Blackhawks' Panarin letting skills do the talking

Despite the language barrier, Artemi Panarin feels comfortable in the spotlight. Chase Agnello-Dean/Getty Images

CHICAGO -- Vladimir Tarasenko worried about his friend and fellow Russian Artemi Panarin as Panarin entered his first NHL season.

From a hockey standpoint, St. Louis Blues star Tarasenko had no doubts that Panarin, 23, would eventually succeed in the NHL for the Chicago Blackhawks after spending his entire career in Russia. Tarasenko was confident Panarin's offensive game would translate well to the North American game. But Tarasenko was concerned everything else would -- sometimes literally -- have to be translated for Panarin. He believed Panarin's inability to speak English would make his adjustment rocky early on.

"He's one of my best friends," Tarasenko said in early September. "He's a good player. No English, though. I think it's going to be hard for him the first time."

Blackhawks general manager Stan Bowman had similar apprehensions.

"I cautioned people over the summer," Bowman said Wednesday. "This kid is really talented. I'm not concerned about his hockey ability. We just got to give him a chance to transition his life."

That transition has been smoother than most people expected. Panarin might still only have a few English phrases down -- he recently joked that "What the f---" was one of his favorites -- but he's been eager to learn the language and has ventured into his new environment with a positive outlook. As he's embraced his new surroundings, the hockey part has taken care of itself and he has quickly established himself as a Calder Trophy candidate.

"I can only imagine if I went to Russia," Bowman said. "There's so much of your daily life spent away from the rink. That's not a simple transition. He's a pretty resilient kid. I think the thing I love about him is his attitude and approach. He's got a smile on his face every day. It's almost like a new adventure to him. Whereas some people could be homesick or be wanting a familiar situation, he seems to embrace everything that's new."

Bowman did his best in the offseason to make Panarin feel somewhat at home by adding Russian forwards Artem Anisimov and Viktor Tikhonov to the roster. Tikhonov and Panarin had been teammates for two-plus seasons with SKA St. Petersburg in the KHL.

Panarin has leaned on Tikhonov, Anisimov and a Russian family in Chicago both on and off the ice since he arrived in mid-August. Tikhonov and Anisimov have translated what is said by teammates and coaches for Panarin on the ice. Tikhonov, grandson of the legendary coach, who was born in Russia and grew up in the United States, has done most of the translating for Panarin with the media.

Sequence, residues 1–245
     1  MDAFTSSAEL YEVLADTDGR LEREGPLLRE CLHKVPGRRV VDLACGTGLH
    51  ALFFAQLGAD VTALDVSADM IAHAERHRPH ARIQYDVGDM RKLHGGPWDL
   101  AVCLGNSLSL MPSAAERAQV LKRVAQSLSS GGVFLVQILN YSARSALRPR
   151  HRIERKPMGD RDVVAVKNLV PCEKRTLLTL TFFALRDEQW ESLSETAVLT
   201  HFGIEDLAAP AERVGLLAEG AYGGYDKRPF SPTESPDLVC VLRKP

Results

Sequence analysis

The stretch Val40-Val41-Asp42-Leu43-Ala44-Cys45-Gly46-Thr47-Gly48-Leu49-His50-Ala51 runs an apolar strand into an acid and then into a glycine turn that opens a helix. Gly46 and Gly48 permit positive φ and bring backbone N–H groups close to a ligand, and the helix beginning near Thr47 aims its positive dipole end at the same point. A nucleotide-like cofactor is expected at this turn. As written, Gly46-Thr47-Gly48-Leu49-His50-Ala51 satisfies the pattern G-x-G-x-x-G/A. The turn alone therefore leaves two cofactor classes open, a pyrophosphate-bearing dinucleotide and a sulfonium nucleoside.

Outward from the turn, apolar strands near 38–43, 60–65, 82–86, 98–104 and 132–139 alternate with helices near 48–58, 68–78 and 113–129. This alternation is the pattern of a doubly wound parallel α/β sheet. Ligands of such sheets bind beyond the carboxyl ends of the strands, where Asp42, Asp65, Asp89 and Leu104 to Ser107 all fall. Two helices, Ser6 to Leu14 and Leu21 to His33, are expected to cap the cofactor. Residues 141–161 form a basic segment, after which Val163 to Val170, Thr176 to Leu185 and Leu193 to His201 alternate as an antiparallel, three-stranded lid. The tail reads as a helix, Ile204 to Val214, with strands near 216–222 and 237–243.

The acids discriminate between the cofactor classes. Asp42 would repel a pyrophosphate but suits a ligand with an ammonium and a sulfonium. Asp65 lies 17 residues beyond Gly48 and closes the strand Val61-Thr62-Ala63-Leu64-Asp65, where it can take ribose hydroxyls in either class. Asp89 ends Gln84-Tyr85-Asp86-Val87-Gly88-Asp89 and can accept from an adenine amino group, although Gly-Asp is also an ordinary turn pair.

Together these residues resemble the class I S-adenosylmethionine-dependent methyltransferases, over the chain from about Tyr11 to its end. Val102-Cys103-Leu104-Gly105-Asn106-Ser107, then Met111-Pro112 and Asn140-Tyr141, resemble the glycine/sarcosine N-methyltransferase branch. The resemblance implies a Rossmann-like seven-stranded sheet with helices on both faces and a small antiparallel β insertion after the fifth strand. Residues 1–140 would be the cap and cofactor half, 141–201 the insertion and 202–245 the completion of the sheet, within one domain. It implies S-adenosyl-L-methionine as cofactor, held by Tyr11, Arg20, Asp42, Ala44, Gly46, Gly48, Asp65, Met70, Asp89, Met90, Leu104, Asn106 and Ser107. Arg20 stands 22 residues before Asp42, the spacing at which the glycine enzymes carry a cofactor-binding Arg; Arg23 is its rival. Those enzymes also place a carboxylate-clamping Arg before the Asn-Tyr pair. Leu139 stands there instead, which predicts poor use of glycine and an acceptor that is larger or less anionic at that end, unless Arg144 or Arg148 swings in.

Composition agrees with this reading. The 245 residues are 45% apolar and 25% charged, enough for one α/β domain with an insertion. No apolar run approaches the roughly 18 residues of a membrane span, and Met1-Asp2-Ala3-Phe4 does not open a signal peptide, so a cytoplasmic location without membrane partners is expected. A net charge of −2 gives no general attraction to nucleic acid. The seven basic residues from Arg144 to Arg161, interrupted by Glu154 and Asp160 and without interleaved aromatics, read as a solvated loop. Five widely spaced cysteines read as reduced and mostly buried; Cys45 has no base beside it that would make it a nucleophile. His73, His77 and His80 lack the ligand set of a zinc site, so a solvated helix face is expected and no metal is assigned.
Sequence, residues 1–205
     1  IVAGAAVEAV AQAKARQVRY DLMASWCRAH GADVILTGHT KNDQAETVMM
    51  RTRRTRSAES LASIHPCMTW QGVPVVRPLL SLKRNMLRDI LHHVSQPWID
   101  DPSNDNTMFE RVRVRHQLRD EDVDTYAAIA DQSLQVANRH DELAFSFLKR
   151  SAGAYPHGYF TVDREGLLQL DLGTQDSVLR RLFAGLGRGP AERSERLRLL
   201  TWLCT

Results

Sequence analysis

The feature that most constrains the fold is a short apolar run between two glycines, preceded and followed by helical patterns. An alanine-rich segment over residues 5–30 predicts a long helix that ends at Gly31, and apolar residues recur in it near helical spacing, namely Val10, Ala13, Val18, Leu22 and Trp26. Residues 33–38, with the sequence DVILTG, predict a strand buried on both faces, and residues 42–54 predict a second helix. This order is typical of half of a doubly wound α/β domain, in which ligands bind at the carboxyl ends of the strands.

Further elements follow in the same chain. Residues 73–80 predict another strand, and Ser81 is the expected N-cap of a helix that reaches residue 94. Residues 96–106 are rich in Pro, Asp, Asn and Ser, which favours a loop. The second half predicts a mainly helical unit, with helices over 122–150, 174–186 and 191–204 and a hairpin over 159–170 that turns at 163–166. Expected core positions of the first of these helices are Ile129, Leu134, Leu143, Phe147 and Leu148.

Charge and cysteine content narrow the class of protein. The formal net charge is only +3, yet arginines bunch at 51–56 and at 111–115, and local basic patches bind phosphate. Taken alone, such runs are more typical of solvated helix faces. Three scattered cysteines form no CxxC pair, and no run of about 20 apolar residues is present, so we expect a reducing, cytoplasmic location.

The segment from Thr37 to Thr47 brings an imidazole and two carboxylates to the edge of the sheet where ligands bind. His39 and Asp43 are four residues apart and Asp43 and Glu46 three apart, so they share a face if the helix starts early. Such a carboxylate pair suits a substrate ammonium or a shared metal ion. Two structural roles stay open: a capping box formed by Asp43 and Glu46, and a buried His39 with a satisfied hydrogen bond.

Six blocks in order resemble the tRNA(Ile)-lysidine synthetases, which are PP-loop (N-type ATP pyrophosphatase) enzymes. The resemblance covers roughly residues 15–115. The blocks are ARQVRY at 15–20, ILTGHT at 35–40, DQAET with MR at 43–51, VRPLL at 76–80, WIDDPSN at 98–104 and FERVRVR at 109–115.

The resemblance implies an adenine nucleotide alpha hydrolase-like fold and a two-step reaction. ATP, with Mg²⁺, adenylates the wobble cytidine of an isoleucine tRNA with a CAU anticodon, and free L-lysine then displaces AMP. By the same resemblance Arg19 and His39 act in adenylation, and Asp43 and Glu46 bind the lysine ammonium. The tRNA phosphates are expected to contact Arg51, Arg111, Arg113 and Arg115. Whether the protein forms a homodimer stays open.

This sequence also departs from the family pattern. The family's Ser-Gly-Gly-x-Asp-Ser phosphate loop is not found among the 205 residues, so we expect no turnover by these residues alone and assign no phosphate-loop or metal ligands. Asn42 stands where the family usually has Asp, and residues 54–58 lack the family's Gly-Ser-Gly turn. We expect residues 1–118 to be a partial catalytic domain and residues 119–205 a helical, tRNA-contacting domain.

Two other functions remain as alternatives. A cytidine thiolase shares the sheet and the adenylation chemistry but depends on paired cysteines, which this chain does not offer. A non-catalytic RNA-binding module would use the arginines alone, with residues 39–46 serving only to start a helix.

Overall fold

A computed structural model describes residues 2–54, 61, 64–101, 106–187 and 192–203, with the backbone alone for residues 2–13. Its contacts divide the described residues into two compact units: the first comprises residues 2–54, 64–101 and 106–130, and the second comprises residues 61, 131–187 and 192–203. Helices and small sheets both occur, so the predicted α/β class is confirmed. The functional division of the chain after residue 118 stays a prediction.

Panarin has been taking an English course through Skype and recently moved into his own place, but he's been grateful for all the assistance.

"I would have probably left in a week to go home" without that support network, Panarin said through Tikhonov after a recent practice.

Anisimov has been the go between for Panarin and Patrick Kane as the trio has shared a line this season. Kane joked he has already consistently pushed one phrase onto Panarin.

"That's what we got to get him to understand, 'Pass to 88,'" Kane said with a laugh. "I've said that a few times to him. He kind of laughs, brushes it off and keeps shooting. Hopefully we'll get him to understand."

Kane might laugh, but opponents aren't finding the Blackhawks' new second line funny. Through four games, the line has combined for four goals and five assists in 5-on-5 play. Panarin scored his first NHL goal in his debut and has two goals and four points on the season. Panarin's agent and former NHL assistant general manager, Tom Lynn, has dubbed them "The Fun House Line" because of their tendency to deceive the opponent with their play-making skills.

"It's one of those things where we both like to play a certain way," Kane said. "Whether that was a way we were brought up playing hockey or just the way we play the game, I think that's one of our best parts so far, especially in the offensive zone kind of spreading the ice out, moving the puck side to side and when there is trouble we have support behind the puck, and there's a lot of speed there too. These days I think the toughest thing for defenders is when you do something different."

One NHL Western Conference scout got his first look at Panarin against the Philadelphia Flyers on Wednesday and came away impressed. The scout described Panarin's right-handed shot as a poor man's Kane left-handed shot.

"Good player, high-end skill, smart with the puck, very shifty and quick," the scout wrote in a text. "Doesn't waste possession very much, makes plays and wants the puck, can shoot it too."

An Eastern Conference assistant general manager also recently gave Panarin a favorable review.

"He sees the ice extremely well," the assistant general manager wrote in a text. "He has the vision to make plays. He can really skate. He certainly has offensive upside, and he's creative."